Two types of pressurized spraying systems, the airbrush, and the pressurized sprayer were used in this study to evaluate the improvement in filtration efficiency of the masks. The airbrush spraying system was more effective in improving PFE as compared to the pressurized sprayer, as seen in Fig 3c. The low-pressure airbrush sprayer is more controllable and enhances the uniformity in deposition, which in turn improves the adherence of the nanoparticles onto the mask fibers thus increasing the particulate adsorption surfaces.

3.2. Versatility

The versatility of the nanoparticle-coated masks was evaluated by exposing them to different sources of PM2.5: incense, paraffin, and wood chips. Incense [31,32] and wood chips are used to simulate the pollution from wildfires and indoor cooking [33,34], the two major sources of PM2.5. Paraffin (candles) is used to simulate indoor pollution in communities with limited resources who do not have access to electricity. The PFE was found to be independent of the source of PM2.5, as seen in Fig 3d. The size of the PM particles is the primary driver for the diffusion and electrostatic attraction filtration mechanisms, which are enhanced by the presence of nanoparticles in the fibrous layers of the masks. The consistency in the size of the PM2.5 particles generated from these various sources explains the consistency in the filtration efficiency. A previous study by this author also investigated the different sources of air pollution and found this filtration mechanism independent of the sources and global levels of air pollution [14].

3.3. Rechargeability

A degradation in PFE of the dual-layer coated masks was initially observed, as seen in Fig 4a. This decline can be attributed to the degeneration of the electrostatic field in the middle electret layer of the mask in presence of moisture/ethanol that was used as a solvent for the nanoparticles during the deposition process, which has been also observed by other researchers [35,36,37]. The masks were then recharged and the PFE was restored by ≈15%, to the levels of a single-layer coated mask (Fig. 4a). A 2-sample t-test confirmed the statistical significance of charging over multiple samples (Fig. 4b). Typically, the melt-blown layers are electrostatically charged by corona discharge or triboelectric methods [36]. However, a 3V D-cell battery pack was able to restore the electrostatic field with a charging time of 8–10 hours.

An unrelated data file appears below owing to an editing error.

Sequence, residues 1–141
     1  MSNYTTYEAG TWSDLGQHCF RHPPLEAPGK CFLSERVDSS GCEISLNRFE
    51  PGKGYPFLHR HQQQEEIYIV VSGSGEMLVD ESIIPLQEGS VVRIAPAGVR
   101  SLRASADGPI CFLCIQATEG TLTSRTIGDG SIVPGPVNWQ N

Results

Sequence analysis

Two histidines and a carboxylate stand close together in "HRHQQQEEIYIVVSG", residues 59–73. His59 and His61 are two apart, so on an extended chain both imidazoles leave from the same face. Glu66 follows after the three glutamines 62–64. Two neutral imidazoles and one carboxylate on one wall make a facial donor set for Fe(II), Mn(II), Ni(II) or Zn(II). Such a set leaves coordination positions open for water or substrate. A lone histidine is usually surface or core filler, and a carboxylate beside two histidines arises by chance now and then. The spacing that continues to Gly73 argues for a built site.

3.4. Durability

Durability testing was performed on the coated and uncoated masks with an accelerated testing method by increasing the amount of PM2.5 particles (increasing the number of incense sticks) to perform the tests within a reasonable amount of measurement time window, as is typical in the industry. The assumption behind this method of testing is that the efficiency reduction is primarily dependent on the number of particles cumulatively flowing through the mask. This is because the primary methods of particle capture enhanced by nanoparticles are via adsorption and electrostatic attraction mechanisms.
Each incense stick generates about 2 times the PM2.5 particles (300 ppm) as compared to a typical polluted city (150 ppm). Twenty incense sticks were used simultaneously to generate 40 times the regular exposure in a polluted city. Datapoints were collected every 12 minutes, thus simulating 8 hours (a workday) of mask wear, as expressed in Eq. (5),
(5)
taccel=ttest×pcityPincense×nincense
where taccel is the equivalent accelerated time of one workday (8 hours), ttest is the tested time (12 mins), pcity is the PM2.5 of a typical polluted city (150 μg/m3), pincense is the PM2.5 per incense stick (300 μg/m3), and nincense is the number of incense sticks used (20) for the accelerated testing.
It was observed (Fig 5a) that the coated masks were able to retain ≈95% of their initial effectiveness over 4 equivalent days of exposure.

3.5. Safety